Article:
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    I’d say that when one of the few companies lauded by children the world over commissions you to design artwork for the interior walls of their HQ, you know you’ve made it. This actually happened to Patrick Savile, the graphic designer and illustrator responsible for splashing his irrevocably diverting artwork throughout the building that houses kids TV channel Nickelodeon, resulting in playful digital illustration, typographic experiments and cartoon eyes a plenty.

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    Big thanks to Nathan and Jacob of Haw-Lin for their recent updates that have led to us finding the work of photographer Joyce Kim. Joyce’s photographs lead us tentatively by the hand behind the scenes of some remarkable music videos where our eyeballs are given VIP treatment and treated to perfect shots that are in such high-res that you can almost smell them. The grainy monochromatic photos taken during the making-of Earl Sweatshirt and Childish Gambino’s music videos are sublime, but we’d have to agree with Haw-Lin and say that the photos of Josh Homme with loads of Japanese businessmen for the hedonistic Smooth Sailing video are the very best. That shot of all the guys in suits falling asleep on each other in front of that security grate is beyond perfect.

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    Once upon a time, in a farmyard not so far away, Oliver Postgate and Peter Firmin created some of the most iconic characters of early children’s TV. In the Smallfilms studio – a barn and some outbuildings – Bagpuss was born, the Clangers sprung to life and Ivor the Engine first tooted his horn.

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    Satirical artist and very funny woman Miriam Elia is something of a pro when it comes to books; last year she self-published We Go to the Gallery, a satirical reinterpretation of a 1960s Ladybird book which seeks to help parents explain sex, death and contemporary art to their young ones, complete with a handy glossary of new words to learn. She’s since co-curated an exhibition about Pastiche, Parody and Piracy at London’s Cob Gallery, while other past works include I Fell in Love With a Conceptual Artist… and It Was TOTALLY MEANINGLESS about her relationship with Martin Creed. Hilarious? Yes. Yes it is. Miriam’s Bookshelf includes lovingly weathered books about typography, photography, flesh-eating plants and Butlins holiday camps, giving a neat insight into her brain.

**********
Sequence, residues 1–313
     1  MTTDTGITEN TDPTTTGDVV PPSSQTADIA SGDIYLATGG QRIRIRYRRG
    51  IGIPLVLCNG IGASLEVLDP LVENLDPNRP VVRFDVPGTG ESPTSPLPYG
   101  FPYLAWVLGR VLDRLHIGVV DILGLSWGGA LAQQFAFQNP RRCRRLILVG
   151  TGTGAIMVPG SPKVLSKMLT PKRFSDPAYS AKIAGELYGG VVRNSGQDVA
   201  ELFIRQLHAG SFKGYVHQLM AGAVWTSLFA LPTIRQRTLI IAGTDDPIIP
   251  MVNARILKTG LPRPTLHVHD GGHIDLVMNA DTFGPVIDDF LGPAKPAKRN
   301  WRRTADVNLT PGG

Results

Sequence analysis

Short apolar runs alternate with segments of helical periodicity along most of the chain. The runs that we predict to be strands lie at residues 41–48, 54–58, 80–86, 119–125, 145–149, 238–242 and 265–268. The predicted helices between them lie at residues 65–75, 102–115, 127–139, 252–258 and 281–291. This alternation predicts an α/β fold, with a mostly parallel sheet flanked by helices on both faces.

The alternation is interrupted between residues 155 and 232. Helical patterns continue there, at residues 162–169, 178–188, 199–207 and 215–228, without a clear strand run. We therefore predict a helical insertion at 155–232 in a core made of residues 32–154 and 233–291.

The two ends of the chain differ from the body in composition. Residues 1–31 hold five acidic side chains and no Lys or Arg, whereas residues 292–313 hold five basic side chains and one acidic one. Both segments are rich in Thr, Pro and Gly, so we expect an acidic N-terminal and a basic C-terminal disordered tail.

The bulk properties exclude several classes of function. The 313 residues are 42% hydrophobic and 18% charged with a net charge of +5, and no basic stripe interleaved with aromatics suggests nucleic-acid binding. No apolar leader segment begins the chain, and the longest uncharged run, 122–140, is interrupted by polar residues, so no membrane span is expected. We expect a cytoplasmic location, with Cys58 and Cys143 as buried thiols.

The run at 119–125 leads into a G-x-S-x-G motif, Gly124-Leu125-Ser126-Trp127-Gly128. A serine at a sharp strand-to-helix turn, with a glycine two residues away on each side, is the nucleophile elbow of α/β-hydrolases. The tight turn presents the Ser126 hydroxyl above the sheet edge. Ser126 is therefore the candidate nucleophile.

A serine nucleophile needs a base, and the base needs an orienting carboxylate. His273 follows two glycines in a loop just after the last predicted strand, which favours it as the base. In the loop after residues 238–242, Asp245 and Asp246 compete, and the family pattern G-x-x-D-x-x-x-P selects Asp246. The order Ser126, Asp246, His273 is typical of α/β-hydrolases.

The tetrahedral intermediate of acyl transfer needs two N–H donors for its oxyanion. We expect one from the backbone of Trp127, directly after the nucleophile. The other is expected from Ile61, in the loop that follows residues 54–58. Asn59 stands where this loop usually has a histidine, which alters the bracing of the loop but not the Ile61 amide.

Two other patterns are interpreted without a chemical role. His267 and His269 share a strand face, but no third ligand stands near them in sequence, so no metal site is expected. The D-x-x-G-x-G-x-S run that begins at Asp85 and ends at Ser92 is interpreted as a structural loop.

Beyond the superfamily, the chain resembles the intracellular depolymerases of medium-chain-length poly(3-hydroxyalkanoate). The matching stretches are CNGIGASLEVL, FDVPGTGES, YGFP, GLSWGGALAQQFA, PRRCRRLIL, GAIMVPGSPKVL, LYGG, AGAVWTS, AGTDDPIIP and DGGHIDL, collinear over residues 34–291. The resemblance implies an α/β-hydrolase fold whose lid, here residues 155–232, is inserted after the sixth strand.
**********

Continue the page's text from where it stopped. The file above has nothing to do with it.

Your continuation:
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    Back in the spring, The House of Peroni took over a central London townhouse with a celebration of the retro 1960s inspired creativity which so influenced Peroni’s founders. Next month it’s back and this time around it will be a feast of food, drink, art, design and fashion that reflects the cultural diversity of Rome.

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    Just as you were thinking you hadn’t seen some truly joyous graphic design infused with sunshine for such a long time BAM! Here’s a bunch of magazines that are designed with one thing in mind: happiness. Javas Lehn Studio are based in New York and spend their days commissioning fantastic illustrators and not worrying about overusing exclamation marks for big brands that want a slice of the nice. Although a lot of this studio’s work is digital or signage-based, for me where they really come into their own is in the world of print. Saturdays Magazine looks delicious, and you could argue that Ace of Faith – the book they created for artist Brian Paumier – is even more lust-worthy than the art itself. I urge you to go and spend some time on their site, if it doesn’t make you want to start up your own design practice then at the very least you’re going to want to go and leave small offerings on the doorstep of Javas Lehn HQ.